Assembly and logistics planners at BMW’s Plant Spartanburg are designing layouts and operations in the virtual world, with real-time visibility of how changes would impact production and worker movements.


Virtual logistics and assembly planning

BMW planners can see the impact of layout and process changes in real time

In preparing BMW’s Spartanburg, South Carolina plant for new model and electric vehicle production, the carmaker’s logistics team will be able to design material flow and parts handling processes in a more dynamic way than ever before. BMW has worked with 3D scanning specialist NavVis to digitally scan its worldwide factories, capturing detailed data points across facilities. It has also partnered with computing and graphics specialist Nvidia to input this data into its Omniverse tool to create an entirely virtual landscape of plants, which uses AI to help plan and predict impacts from changes in layout or operations.

At the Spartanburg plant, BMW continues to update this virtual view even as it expands the factory. Omniverse is already accessible at a new training centre that BMW opened at the campus in late 2022, which is designed to train staff on new technologies and processes. Logistics and assembly planners can enter production halls across any global plant and walk through to inspect operations based on actual data points. “It’s basically like Google Street View inside of our facilities,” says John Mitchell, structural digital specialist at BMW Manufacturing Co.

The tool, which has been enhanced for BMW and is referred to internally as ‘Factoryverse’, allows planners to make virtual changes to layout and line structures within a facility. The programme creates animations based on the 3D scans and other information, including model, parts and equipment information. Assembly and logistics planners can test in real time how changes to structures will impact line-side delivery, worker movements and subassemblies.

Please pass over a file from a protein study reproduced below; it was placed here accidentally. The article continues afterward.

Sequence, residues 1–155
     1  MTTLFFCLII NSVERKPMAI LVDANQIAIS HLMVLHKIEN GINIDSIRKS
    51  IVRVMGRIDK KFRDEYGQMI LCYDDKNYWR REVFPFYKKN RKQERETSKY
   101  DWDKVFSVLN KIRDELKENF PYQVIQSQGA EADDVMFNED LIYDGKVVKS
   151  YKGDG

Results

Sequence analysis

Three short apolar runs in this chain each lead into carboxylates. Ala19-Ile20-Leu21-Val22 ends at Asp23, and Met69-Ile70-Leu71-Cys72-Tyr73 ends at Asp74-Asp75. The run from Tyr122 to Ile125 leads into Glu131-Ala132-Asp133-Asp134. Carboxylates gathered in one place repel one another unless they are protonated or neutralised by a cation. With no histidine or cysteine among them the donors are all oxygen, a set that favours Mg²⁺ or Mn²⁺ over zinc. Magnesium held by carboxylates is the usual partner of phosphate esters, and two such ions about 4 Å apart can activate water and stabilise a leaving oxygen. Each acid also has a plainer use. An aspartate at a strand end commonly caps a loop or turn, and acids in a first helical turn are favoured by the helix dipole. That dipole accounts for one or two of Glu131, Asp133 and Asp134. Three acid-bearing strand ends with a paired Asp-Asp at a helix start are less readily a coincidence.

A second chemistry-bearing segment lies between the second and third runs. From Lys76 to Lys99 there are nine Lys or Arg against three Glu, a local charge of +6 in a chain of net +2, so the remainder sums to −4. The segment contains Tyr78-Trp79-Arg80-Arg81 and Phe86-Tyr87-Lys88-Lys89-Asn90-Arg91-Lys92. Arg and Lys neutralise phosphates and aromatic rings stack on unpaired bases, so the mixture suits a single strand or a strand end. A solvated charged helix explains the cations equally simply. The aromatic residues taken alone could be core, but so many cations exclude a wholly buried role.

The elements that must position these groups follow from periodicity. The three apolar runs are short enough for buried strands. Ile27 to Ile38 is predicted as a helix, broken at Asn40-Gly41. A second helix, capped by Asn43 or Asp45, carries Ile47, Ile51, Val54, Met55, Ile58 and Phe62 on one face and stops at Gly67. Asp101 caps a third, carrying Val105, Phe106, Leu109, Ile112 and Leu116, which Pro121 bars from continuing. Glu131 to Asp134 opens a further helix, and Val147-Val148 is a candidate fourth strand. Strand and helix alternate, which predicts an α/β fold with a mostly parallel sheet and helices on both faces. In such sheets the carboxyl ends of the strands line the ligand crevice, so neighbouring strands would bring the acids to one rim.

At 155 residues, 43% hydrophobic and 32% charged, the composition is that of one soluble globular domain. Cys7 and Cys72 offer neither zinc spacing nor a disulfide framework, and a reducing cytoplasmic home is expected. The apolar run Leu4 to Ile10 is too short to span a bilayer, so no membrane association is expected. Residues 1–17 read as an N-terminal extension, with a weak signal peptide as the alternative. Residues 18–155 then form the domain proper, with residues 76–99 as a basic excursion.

According to Mitchell, the carmaker is integrating a programme that will help it plan the full material flow, including racking, tugger train and other line-side deliveries, as well as simulate worker actions such as walking distances between the rack and car.

“With AI built into the software, the movements are animated, which really helps us to understand how our people need to move. That’s important because we are not trying to hit a standing target, but one that moves at the pace of our takt times.”
-John Mitchell, BMW Manufacturing

“The way we we’ve done it in the past would have been static, but now with the AI built into the software, the movements are animated, which really helps us to understand how our people need to move,” he says. “That’s important because we are not trying to hit a standing target, but one that moves at the pace of our takt times. It gives the ability to optimise and make adjustments that would reduce footsteps, which are changes we would otherwise have had to make later on the shop floor.”


Google Street view of Spartanburg

Plant Spartanburg has been fully digitised in the factoryverse, and planners are already assessing changes to Hall 52 for EV production

The factoryverse already includes a view of Hall 52, the assembly centre that BMW is expanding to build its new electric vehicle. The virtual view includes the planned dimensions of the assembly hall and expanded logistics centre, and planners have begun to add the new equipment to the digital twin, such as the overhead rail lines, carriers and pre-commissioning loops. It gives them the opportunity to check spacing and determine layouts to improve and even catch unexpected design issues.

“When we started to look at the simulation, we noticed that the rail line ran very close to the wall, which wouldn’t leave enough room for a carrier,” says Mitchell. “We were able to show this to the engineers so that they could redesign the loop before any of it was built.”

For Oliver Bilstein, vice-president of production control, logistics and material control at BMW Manufacturing Co, being able to plan this far in advance is a key advantage across facility planning, logistics and production design. “And with AI, it will give us the chance to make more improvements long before we start production,” he says.

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Read more about manufacturing changes for BMW in Spartanburg, including new technology and processes for battery pack production and training for producing high-voltage vehicles, in a special series in Automotive Manufacturing Solutions (AMS), a sister publication to Automotive Logistics. More on BMW Manufacturing here